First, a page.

Grain markets were neutral-lower to start the week. The USDA crop progress report will be delayed until Tuesday due to the Columbus day holiday. Expectations for corn crop progress is near 40% harvested. Last Friday, The USDA reported, in the Oct WASDE, an average yield of 168.0 bu/ac, compared to the average estimate of 167.1. This was tempered by the reduction in harvested acres to 80.664 million acres, compared to the average forecast of 80.826 million and the Sep figure of 80.101 million. Still, this resulted in the Oct production forecast of 13.555 billion bushels, above the average estimate of 13.504 billion but lower than the Sep figure of 13.585, lending pressure. Going forward, the trade will focus on farmer yield reports and the FSA acreage data due out this Wed Oct 14. December corn futures fell 0.5 cents to $3.825/bushel early Monday, while March lost 0.75 cents to $3.9275.  

Soybean futures firmed early Monday morning on follow-through trading from last Friday’s lower ending stocks forecast. 2015/16 ending stocks were reported at 425 million bushels, down 50 million from the Sep estimate and compared to the average forecast of 414 million. The trade will now look to farmer yield reports, FSA acreage data, and the NOPA crush report due out this Thursday Oct 15. The average trade estimate for the crop progress report due out Tuesday, is soybean harvest near 60% complete. November soybeans moved 4.75 cents higher to $8.9025/bushel early Monday morning, while December soyoil gained 0.38 cents to 28.72 cents/pound and December meal fell $0.1 to $307.7/ton.  

The wheat complex was lower again early Monday morning after falling last week on bearish ending stocks reported in the Supply/Demand report. Last Friday, 2015/16 U.S. wheat ending stocks came in higher than the average trade estimate of 819 million bushels to 861 million, compared to the Sep forecast of 875 million.  France’s farm ministry raised its soft wheat estimate to a record 41 million tonnes, from 40.8 million a month ago, now 9.3% above last year’s volume and 14.2% above the five-year average. Weakness in the corn market is also limiting upside potential. The dollar index is lower and equity futures are pointing to a higher open. The December CBOT wheat futures were 2.75 cents lower at $5.065/bushel early Monday morning, while Dec KC wheat lost 1.75 cents to  $4.985, and December MWE edged 1.0 cent lower to $5.285.  

Live cattle futures were mixed Friday after climbing Thursday on increased wholesale beef prices and on technical buying. Boxed beef cutouts were mixed Friday with choice down 0.64 to 202.97 and select up 0.47 to 197.93. This may represent a near-bottom as beef cutouts have slid for 21 days straight. Cattle slaughter last week was at 544,000 head, compared to 557,000 head last week and 553,000 head this time last year. December cattle lost 0.20 cents to 137.32 cent/pound Friday, while February cattle lifted 0.25 cents to 139.40 cents/pound. November feeder cattle moved 1.05 cents higher to 184.87 cents/pound, while January feeders gained 1.25 cents to 179.77 cents/pound.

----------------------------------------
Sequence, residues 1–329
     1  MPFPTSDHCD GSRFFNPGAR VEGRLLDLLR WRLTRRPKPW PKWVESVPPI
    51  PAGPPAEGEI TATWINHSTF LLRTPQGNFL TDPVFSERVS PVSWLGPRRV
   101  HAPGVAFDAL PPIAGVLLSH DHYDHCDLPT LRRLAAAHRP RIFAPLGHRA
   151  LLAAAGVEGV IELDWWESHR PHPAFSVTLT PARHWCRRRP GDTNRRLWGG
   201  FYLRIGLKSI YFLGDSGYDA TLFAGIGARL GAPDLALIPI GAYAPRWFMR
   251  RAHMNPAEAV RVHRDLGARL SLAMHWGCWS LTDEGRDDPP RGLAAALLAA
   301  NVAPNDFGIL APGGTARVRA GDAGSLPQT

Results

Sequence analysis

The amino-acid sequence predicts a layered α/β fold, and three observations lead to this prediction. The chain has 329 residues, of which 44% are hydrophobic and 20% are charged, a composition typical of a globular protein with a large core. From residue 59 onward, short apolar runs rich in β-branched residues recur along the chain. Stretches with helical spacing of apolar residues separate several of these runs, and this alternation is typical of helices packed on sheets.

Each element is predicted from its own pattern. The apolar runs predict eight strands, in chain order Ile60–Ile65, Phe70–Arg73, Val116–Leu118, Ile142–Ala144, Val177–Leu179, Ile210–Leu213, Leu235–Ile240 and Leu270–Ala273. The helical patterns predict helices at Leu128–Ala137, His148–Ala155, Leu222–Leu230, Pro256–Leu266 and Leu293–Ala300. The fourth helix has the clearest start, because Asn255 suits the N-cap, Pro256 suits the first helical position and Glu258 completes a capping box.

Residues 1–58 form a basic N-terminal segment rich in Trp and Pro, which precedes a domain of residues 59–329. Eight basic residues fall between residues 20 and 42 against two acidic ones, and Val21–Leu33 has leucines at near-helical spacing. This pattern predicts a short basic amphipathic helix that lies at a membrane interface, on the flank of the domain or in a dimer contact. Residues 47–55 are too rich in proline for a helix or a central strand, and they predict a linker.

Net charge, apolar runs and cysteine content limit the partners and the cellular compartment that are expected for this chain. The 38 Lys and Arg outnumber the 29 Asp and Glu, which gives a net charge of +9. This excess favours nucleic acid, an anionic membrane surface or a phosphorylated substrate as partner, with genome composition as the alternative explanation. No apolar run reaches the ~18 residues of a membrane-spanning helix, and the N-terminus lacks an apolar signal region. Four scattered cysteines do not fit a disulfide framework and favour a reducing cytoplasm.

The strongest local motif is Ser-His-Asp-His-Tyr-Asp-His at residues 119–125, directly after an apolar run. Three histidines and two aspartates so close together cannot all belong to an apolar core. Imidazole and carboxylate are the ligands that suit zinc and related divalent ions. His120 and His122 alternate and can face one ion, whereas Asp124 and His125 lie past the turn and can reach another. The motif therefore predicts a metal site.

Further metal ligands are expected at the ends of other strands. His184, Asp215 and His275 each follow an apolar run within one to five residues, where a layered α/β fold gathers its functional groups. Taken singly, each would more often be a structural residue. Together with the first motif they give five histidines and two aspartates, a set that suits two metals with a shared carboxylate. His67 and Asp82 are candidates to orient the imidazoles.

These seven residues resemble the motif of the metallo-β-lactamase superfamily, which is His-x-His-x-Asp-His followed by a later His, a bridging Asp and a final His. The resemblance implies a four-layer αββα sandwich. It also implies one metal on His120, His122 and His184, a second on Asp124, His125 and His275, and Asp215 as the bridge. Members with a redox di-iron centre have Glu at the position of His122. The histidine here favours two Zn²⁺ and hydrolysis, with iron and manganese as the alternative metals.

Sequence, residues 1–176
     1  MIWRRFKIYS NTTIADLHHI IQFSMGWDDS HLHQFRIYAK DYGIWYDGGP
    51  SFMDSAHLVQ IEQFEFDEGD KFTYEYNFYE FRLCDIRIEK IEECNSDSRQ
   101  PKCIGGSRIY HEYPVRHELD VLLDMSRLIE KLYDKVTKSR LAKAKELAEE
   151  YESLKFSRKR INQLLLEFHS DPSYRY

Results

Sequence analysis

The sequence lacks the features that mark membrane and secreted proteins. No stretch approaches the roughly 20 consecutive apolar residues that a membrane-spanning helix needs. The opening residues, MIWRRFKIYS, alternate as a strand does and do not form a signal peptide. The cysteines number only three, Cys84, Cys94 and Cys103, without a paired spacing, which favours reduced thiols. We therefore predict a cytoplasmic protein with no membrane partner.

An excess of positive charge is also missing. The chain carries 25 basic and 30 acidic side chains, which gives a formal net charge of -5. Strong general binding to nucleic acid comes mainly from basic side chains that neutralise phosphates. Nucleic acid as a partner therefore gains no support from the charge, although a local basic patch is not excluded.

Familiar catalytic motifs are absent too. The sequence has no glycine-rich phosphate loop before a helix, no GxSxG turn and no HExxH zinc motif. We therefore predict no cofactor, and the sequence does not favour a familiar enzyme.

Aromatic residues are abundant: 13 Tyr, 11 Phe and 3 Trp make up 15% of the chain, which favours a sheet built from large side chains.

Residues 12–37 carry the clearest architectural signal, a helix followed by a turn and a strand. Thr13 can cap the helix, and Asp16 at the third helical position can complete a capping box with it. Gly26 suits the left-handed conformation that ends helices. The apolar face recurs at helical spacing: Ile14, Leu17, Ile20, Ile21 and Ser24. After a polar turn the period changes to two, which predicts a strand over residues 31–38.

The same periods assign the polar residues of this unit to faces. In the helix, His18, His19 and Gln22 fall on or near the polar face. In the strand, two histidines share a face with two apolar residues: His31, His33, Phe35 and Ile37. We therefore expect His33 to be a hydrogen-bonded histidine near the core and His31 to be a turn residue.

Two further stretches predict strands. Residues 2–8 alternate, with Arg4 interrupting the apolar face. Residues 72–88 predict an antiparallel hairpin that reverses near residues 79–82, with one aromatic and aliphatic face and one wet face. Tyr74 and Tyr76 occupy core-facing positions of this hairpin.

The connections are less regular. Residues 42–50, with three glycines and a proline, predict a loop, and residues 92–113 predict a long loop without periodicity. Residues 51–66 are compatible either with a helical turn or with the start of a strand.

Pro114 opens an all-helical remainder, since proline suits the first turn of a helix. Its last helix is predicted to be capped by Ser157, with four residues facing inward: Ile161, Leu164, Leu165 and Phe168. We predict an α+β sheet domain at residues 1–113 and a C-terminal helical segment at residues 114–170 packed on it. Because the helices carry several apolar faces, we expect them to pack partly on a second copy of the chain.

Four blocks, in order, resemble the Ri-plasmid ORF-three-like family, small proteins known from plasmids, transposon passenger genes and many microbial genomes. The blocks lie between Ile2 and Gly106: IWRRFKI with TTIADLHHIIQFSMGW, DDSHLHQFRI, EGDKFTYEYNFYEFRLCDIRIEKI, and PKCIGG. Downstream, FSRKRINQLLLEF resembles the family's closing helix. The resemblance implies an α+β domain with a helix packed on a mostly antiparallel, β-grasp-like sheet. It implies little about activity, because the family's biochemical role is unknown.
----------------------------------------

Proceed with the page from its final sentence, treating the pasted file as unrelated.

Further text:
Lean hogs traded mixed Friday, with the December contract and nearby months closing well above the simple moving averages. The deferred months starting June of 2016 closed lower. Cash hogs were lower by .46 to 70.74.  Producers and grocers are looking beyond October National pork month, which could mean a slowing of pork demand as supplies of hogs also rise toward the end of the year. The nearby lean hog contract continues to trade at a discount to futures, by 8 cents, perhaps suggesting support in futures Monday or resistance in cash. Hog slaughter last week came in at 2.166 million head, compared to 2.136 million last week and 2.086 million this time last year. December hog futures gained 0.32cents to 66.12 cents/pound Friday, while April hogs advanced 0.05 to 72.97. 

ICE Cotton futures strengthened Monday after rallying Friday in response to the WASDE report showing lower than expected production and higher than expect exports. Cotton production came in at 13.34 million bales (480 lb.), compared to the trade forecast of 13.51 million and the Sep estimate of 13.43 million. Exports were reported at 10.20 million bales, higher than the trade estimate of 10.10 million and steady with the USDA’s Sep forecast. 2015/16 ending-stocks were reported at 3.1 million tonnes, lower than the trade estimate of 3.39 million and the Sep figure of 3.2 million. 2015/16 ending stocks edged slightly higher than the average trade forecast to 106.97 million bales from 106.26 million. December cotton futures gained .14 cents to 61.75 cents/pound early Monday morning, while May cotton advanced 0.19 cents to 62.29.